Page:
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A decade after Ruben Fleischer’s feature debut became a surprise hit, quadrupled its budget, and briefly held the title of highest-earning zombie film of all-time, the “Zombieland” gang finally returns to the big screen. Fleischer and his star-studded cast are all back for more blood-spattered adventures, and the central foursome is all too eager to slip back into their roles as post-apocalyptic survivors. Yet despite the good vibes and amiable callbacks to the previous film, That just doesn’t happen nearly enough.
The good stuff is, of course, still good. There’s the core four — Jesse Eisenberg as the pragmatic Columbus, Woody Harrelson as the gruff Tallahassee, Emma Stone as the snarky Wichita, and Abigail Breslin as perpetual kid sister Little Rock — all of whom exhibit the same flinty chemistry 10 years down the line. There’s Columbus’ understandable obsession with his rules for survival, which are again introduced by way of zippy key examples and flashy on-screen text. And there are full stretches of mile-a-minute laughs, fast-tumbling jokes, and an ability to remind audiences that the horror-comedy subgenre has endless possibilities.
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And there are some welcome newcomers, none more satisfying than Zoey Deutch. As newbie Madison, a Von Dutch-sporting airhead mallrat (one who has literally not left the mall since the zombie outbreak), she manages to makes silly gags about persistent vocal fry and the joys of veganism endearing and hilarious. And there are plenty of creative environments for the crew to tussle around within, including the White House as a new home base and a wild Elvis-themed hotel in the middle of nowhere. There’s even a few good jokes about the “Terminator” franchise and two weirdo Columbus and Tallahassee doppelgangers (Thomas Middleditch and Luke Wilson) to help deliver them. There’s a whole subplot about the zombies evolving, turning them into fresh beasts that even the experienced crew is temporarily stymied by, the kind of one-upmanship key to building up a sequel.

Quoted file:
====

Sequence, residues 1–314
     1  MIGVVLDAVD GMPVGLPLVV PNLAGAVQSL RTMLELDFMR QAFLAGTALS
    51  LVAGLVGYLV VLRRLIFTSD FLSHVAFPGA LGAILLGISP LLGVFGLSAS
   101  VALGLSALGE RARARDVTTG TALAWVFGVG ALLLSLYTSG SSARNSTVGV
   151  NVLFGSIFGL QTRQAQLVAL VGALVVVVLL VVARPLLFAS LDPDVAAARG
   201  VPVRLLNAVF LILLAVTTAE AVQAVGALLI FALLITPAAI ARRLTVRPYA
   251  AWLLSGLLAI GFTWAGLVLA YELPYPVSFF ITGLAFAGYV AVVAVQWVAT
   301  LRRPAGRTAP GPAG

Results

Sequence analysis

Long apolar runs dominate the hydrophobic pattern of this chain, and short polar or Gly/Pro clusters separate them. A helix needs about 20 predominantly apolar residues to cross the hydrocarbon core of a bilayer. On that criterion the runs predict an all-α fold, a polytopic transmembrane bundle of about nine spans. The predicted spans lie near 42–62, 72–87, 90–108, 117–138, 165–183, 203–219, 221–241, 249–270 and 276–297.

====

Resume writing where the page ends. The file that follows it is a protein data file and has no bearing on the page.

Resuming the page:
That’s the good stuff.
Every movie sequel is inevitably beholden to certain elements of its first film, but “Zombieland: Double Tap” cribs so liberally from the original that it robs the entire outing of any narrative tension whatsoever (and this is a franchise built around the fear of increasingly unpredictable brain-biting monsters, basically a cinematic tension delivery service). From the fissures that appear between the various characters to the key locations that inspire road trip adventuring, it’s all been done before, with all the same people. Even the dum-dum decision that ultimately draws the baddies to the group’s long-sought place of apparent refuge is taken straight from its predecessor’s playbook.
Fantasy-tinged stories like “Zombieland” always require a certain suspension of disbelief, but the film’s script doesn’t just stretch logic; it snaps it. Screenwriters Rhett Reese and Paul Wernick have apparently been dreaming of a followup for years, which makes the sloppy elements sting all the more. In the film’s first act, the group decamps for the White House, giddy over the possibility of exploiting stronger security measures. They waltz right in the unlocked front door. Later, a character who owns a hotel for people eager to escape the madness of “the z’s” greets her human clients with a shotgun. Soon enough, they’ve decamped for an idyllic location that has never once been previously mentioned (nor has its location been disclosed), arriving at the secretive spot within mere hours. It’s almost too easy and deprives the movie of any discernible sense of danger. These are small moments, but they add up to something as brain-free as the film’s own walking dead.
Most discomfiting of all, however, is a persistent resistance to engage with the lovable humans in believable terms. The film’s inciting incident sees Wichita and Little Rock hitting the road, abandoning Columbus and Tallahassee after a decade together without a moment’s thought. Perhaps living in a post-apocalyptic world where the ability to kill without mercy is the greatest tool of survival makes everyone into an emotionless drone, but it’s a tough sell.
Not that the characters of “Zombieland: Double Tap” are entirely devoid of pathos. They show some measure of substance in convenient moments designed to move the plot forward. Characters reverse course on a regular basis, going against their better nature, but it feels like cheap storytelling to keep the audience engaged. Mostly, it reduces characters with a feature-length history behind them into simplistic devices.
For some audiences, that may be enough to get their fix: “Zombieland: Double Tap” still finds space for big laughs (the pairing of Eisenberg and Harrelson remains nutty and fun), a welcome cameo in the credits, and a banger of a final battle in which the body count soars to ridiculous numbers. But, after 10 years of anticipation, it would have been nice to see a zombie movie with more on its mind than the same goofy undead routine.
Sony Pictures will release “Zombieland: Double Tap” in theaters on Friday, October 18.
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